• Walker formation
  • Modifications:
    • Age modified
  • AAPG geologic province:
    • San Joaquin basin
Publication:

Hackel, Otto, and Krammes, K.F., 1958, Stratigraphy, IN Round Mountain area, Kern County, California: San Joaquin Geological Society Field Trip Guidebook, Spring Field Trip, May 17, 1958, [no. 24], p. 3-4.


Summary:

Pg. 10. Walker formation. Overlies basement complex in outcrop. To the west, subsurface Eocene rocks rest on basement, and it is apparent that Walker is land-laid equivalent of marine rocks of lower Miocene through upper Eocene.

Source: US geologic names lexicon (USGS Bull. 1200, p. 4111).


Map showing publication footprint
  • Usage in publication:
    • Walker Formation*
  • Modifications:
    • Geochronologic dating
  • AAPG geologic province:
    • San Joaquin basin
Publication:

Marvin, R.F., and Dobson, S.W., 1979, U.S. Geological Survey radiometric ages; Compilation "B": Isochron/West, no. 26, p. 3-32.


Summary:

Pg. 9, geologic time scale (inside front cover). Walker Formation. Sample from pumice tuff, about 160 m above base of continental Walker Formation at type section, in bluff on south side of Walker Basin Creek, Lat. 35 deg. 20 min. 19 sec. N., Long. 118 deg. 43 min. 02 sec. W., Bena quadrangle, Kern County, California, yielded a K-Ar age of 21.3 +/-0.6 Ma (plagioclase). Ages calculated using decay constants of Steiger and Jager, 1977 (Earth Planet. Sci. Letters, v. 36, p. 359-362). [Miocene, based on time scale of Berggren, 1972, Lethaia, v. 5, no. 2, p. 195-215.]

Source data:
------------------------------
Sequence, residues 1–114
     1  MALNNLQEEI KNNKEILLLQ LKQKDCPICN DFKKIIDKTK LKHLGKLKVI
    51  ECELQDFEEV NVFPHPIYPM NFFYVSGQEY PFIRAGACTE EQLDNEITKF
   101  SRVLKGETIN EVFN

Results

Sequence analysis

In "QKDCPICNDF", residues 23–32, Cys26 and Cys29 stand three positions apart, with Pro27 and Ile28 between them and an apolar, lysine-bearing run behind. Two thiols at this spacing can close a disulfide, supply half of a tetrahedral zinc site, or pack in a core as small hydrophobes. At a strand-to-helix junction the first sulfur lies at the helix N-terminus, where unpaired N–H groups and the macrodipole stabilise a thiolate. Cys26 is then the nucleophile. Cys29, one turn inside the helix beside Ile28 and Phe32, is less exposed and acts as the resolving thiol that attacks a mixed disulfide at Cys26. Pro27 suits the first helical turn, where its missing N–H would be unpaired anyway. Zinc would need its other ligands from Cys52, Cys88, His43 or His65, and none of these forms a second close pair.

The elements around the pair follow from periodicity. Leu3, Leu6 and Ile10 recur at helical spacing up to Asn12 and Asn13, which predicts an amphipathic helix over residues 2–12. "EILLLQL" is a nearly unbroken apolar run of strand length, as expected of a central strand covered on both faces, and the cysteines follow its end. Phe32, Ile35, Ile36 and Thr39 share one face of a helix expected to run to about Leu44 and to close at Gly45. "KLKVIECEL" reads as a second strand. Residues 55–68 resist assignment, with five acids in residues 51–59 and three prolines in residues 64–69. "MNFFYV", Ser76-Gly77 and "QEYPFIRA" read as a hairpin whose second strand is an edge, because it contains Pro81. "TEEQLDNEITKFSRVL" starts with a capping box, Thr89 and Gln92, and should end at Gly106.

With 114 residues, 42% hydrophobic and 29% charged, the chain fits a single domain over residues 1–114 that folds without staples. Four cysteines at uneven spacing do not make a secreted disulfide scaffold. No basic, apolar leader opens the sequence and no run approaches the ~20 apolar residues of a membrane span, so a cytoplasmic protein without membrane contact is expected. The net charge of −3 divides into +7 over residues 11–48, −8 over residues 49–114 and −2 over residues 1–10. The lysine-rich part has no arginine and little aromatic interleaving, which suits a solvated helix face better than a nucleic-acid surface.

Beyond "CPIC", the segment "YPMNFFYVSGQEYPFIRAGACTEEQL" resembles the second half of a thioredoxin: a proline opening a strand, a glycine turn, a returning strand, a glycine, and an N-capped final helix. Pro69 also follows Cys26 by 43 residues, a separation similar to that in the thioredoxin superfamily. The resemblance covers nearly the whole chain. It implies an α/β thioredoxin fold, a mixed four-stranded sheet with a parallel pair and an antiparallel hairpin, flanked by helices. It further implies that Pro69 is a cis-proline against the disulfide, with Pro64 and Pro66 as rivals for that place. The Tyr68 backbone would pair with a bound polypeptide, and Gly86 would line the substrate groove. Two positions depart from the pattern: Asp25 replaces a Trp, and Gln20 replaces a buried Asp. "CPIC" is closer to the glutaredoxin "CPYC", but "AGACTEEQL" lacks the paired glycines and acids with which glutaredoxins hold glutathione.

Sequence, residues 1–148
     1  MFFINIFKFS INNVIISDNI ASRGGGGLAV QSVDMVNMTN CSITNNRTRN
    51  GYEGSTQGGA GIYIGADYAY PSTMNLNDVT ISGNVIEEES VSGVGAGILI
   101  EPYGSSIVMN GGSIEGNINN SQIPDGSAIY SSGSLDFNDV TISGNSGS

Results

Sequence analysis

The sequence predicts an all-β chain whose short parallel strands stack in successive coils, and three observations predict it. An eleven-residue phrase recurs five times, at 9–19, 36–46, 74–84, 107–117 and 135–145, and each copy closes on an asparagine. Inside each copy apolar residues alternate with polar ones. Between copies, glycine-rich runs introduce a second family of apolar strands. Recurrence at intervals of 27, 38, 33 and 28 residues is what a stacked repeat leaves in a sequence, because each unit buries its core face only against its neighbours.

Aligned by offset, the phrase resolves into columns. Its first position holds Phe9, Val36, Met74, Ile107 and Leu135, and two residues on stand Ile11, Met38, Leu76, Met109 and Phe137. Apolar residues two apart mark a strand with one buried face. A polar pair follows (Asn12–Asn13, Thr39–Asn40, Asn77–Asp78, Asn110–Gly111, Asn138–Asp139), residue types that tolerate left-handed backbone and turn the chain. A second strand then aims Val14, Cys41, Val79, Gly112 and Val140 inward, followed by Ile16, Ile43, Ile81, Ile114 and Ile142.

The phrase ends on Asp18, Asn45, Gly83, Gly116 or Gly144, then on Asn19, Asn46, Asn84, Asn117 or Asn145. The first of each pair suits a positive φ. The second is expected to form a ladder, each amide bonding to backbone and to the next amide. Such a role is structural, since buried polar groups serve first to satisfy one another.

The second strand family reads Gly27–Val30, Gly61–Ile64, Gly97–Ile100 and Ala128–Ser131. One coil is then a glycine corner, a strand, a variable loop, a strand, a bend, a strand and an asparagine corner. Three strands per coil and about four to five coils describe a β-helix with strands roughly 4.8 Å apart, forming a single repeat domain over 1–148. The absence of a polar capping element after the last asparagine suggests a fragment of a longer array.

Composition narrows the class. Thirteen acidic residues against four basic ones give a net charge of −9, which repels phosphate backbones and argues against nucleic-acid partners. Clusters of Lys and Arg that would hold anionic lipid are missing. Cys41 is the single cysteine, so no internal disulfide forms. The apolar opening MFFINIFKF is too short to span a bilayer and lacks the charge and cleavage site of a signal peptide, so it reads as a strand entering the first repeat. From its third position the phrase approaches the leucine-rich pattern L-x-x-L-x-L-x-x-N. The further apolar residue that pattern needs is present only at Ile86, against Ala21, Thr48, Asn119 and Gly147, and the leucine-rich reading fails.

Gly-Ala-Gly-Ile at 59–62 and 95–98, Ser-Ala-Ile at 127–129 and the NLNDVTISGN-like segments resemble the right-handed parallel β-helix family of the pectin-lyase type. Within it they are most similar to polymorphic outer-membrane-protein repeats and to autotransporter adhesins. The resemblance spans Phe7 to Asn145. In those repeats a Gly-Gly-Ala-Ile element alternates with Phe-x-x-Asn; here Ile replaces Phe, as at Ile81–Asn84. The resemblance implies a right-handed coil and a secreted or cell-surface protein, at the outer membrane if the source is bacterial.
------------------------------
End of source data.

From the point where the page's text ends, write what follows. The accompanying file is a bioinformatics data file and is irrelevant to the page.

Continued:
Source: Publication.


For more information, please contact Nancy Stamm, Geologic Names Committee Secretary.

Asterisk (*) indicates published by U.S. Geological Survey authors.

"No current usage" (†) implies that a name has been abandoned or has fallen into disuse. Former usage and, if known, replacement name given in parentheses ( ).

Slash (/) indicates name does not conform with nomenclatural guidelines (CSN, 1933; ACSN, 1961, 1970; NACSN, 1983, 2005). This may be explained within brackets ([ ]).